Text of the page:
Monday, April 13, 2015

The Problem

“When did you discover the body?” I asked her.

“When I got home. I parked in the garage and came in through the kitchen. I heard the TV on, so I went in to turn it off. He was in the chair.”

“Where had you been?”


“I’ll need more than that.”

“I met a friend for drinks.”

I could smell the alcohol. “Who?”

She paused. “I’d rather not say.”

“OK, for now I’ll let that pass. Where?”

“A bar. The Hideaway.”

“When did you get there?”


“When did you leave?”


“Can anyone verify that?”

“The waitress came over to us as soon as we went in, and she ran his credit card just before we left.”

“His card.”

She shifted in the chair. “Yes.”

“Would you rather tell me who he is or be arrested on suspicion of murder?”

She actually thought about it. Then, “I can’t tell you who he is.”

“Why not?”

She looked away. “He’d kill me.”

That seemed a good reason. I decided to change my approach.

“Any idea why your husband would have done this?”

“I don’t believe he did.”

“Why not?”

“His business was successful. Our daughter just married a really nice young man.”

I stared at her. “Maybe it was you.”

“What do you mean? Do you think I killed him?”

“No. Maybe he was unhappy with you. With your relationship.”

“With him?”

“Yes, with him. Not with the guy at The Hideaway.”

“He didn’t know about that.”

I paused. “Are you sure he didn’t?”

She looked away. “Yes. We were very careful.” She looked back at me. “Why? Do you think he did?”

“He told me.”

Her eyes got bigger. Then, “I don’t believe that.”

“Somebody told him they saw you with the guy.”


“Yes. Going into The Algonquin last Tuesday.”

She shifted again in her chair. “That couldn’t have been me. I was visiting a friend.”


“I can’t tell you.”

I sat still and stared at her. Then I said, “You seem to visit a lot of friends.”

“Why not?” she asked, smiling. “I don’t have to go to work. It’s one of the advantages of being married to a wealthy man.”

“Any disadvantages?”

She got serious. “He worked all the time, and when he wasn’t working he’d be thinking about work.”

“Not much fun, huh?”


“But the guy from The Hideaway and The Algonquin is fun.”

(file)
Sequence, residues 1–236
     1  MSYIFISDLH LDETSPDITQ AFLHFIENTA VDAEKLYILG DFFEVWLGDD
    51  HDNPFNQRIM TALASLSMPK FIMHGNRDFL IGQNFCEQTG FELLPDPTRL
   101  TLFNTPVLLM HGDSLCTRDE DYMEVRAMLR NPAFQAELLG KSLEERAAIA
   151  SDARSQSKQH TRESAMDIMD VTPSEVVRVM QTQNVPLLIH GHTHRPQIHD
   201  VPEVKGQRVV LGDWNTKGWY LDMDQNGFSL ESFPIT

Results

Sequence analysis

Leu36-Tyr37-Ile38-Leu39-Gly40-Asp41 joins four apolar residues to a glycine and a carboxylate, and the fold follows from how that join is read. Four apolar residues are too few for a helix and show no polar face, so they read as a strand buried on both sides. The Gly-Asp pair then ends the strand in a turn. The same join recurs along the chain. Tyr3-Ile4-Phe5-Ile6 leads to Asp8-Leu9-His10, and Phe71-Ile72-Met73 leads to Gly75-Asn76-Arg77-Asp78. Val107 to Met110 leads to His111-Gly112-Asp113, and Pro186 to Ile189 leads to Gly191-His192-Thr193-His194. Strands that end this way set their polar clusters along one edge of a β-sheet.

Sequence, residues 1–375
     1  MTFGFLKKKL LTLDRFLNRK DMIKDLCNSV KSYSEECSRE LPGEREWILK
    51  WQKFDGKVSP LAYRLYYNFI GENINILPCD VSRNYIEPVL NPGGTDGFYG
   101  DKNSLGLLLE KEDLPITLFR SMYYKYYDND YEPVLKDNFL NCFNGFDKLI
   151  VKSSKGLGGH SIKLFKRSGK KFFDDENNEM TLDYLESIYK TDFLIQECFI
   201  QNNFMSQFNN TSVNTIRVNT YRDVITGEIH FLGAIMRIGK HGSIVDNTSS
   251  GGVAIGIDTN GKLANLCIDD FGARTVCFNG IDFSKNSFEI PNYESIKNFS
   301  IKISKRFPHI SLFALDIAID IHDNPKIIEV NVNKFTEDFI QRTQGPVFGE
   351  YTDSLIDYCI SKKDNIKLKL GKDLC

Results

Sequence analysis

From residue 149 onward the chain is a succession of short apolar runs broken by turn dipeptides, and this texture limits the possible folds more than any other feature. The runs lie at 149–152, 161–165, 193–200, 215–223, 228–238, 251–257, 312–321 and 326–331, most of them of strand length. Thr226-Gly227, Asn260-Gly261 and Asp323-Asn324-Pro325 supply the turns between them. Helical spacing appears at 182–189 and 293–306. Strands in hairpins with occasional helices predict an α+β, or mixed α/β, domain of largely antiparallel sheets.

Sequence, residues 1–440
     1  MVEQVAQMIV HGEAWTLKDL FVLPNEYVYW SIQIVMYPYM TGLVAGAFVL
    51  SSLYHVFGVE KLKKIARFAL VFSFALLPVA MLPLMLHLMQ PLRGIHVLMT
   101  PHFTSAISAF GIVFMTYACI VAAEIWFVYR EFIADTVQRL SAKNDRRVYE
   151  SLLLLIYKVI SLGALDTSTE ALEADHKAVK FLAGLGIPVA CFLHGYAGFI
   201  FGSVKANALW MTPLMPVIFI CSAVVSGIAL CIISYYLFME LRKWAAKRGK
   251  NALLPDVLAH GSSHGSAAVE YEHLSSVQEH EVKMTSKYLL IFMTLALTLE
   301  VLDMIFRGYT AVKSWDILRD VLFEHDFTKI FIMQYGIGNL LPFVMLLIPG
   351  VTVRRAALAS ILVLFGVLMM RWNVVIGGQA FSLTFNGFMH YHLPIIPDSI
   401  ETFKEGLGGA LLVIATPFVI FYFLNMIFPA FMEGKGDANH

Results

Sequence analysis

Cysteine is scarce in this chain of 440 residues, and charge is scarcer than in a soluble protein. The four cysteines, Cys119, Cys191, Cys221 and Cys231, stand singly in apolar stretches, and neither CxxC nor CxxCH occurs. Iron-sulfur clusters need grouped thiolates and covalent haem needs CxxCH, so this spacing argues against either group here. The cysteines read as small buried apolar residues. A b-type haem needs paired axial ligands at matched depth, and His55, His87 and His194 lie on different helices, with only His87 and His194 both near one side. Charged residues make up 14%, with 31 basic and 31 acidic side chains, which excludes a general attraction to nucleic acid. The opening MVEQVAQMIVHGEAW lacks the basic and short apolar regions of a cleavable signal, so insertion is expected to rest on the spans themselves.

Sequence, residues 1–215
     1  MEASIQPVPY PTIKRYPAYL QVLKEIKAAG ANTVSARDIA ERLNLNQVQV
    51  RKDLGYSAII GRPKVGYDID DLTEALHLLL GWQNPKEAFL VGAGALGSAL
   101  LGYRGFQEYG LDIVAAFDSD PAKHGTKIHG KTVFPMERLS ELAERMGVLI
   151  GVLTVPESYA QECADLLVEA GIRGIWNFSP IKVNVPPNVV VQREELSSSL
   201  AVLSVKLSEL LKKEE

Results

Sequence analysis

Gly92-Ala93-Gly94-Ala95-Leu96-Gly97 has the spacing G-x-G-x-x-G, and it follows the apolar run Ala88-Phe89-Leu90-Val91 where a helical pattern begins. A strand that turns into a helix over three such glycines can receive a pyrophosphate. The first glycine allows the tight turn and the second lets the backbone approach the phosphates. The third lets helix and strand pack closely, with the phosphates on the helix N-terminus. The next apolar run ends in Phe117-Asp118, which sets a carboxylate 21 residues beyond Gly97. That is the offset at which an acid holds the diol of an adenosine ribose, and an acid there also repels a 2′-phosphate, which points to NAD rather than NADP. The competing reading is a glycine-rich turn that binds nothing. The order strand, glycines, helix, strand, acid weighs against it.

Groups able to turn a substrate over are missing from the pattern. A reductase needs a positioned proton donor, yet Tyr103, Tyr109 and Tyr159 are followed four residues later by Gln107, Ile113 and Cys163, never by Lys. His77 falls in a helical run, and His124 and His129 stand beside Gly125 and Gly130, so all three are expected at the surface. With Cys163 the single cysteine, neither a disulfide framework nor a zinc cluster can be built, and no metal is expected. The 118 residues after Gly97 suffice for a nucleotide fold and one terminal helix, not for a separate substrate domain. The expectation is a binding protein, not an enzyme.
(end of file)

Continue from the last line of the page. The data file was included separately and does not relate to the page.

She smiled. “Oh, yes.”

I paused. “He’s married, right?”

She nodded.

“His wife know about you?”

“No.” She smiled. “She doesn’t have a clue.”

“What would she do if she did?”

“Divorce him, probably. He’s got money too, and I’m sure she’d like half.”

I paused. “How much was your husband worth?”

“That’s an inappropriate question.”

“Never mind. I can find that out.”

I paused again. “Did your husband know who the guy from The Hideaway is?”


“How about the friend you visited? Did he know him?”

“How do you know it was a guy?”

“Lucky guess. Did he?”


“So your husband didn’t do much besides work?”

“Watched sports on TV. Drank.”

“Did you two get along better after the wedding?”


“So you didn’t talk much.”

“Rarely. Never about anything important.”

“So you found companionship elsewhere.”

“Yes,” she said, slurring the word into two syllables.

“Did he?”

“I doubt it.”

She had started to nod off but got up, went to the bar in the corner, and poured herself a straight scotch. She took a big swallow, came back and sat back down.

I waited as she drank some more. “Did your husband ever give you any indication that he might do something like this?”

“No,” she answered drowsily.

She was about to spill her drink, so I took it and put it on the table. She fell asleep or passed out without ever realizing I wasn’t a cop. I took the small .25 from my pocket, wiped it clean, and put it in her hand with her finger on the trigger. I held the gun to her head, my hand over hers, and pulled the trigger.

Then I called the guy’s wife and told her I had solved the problem.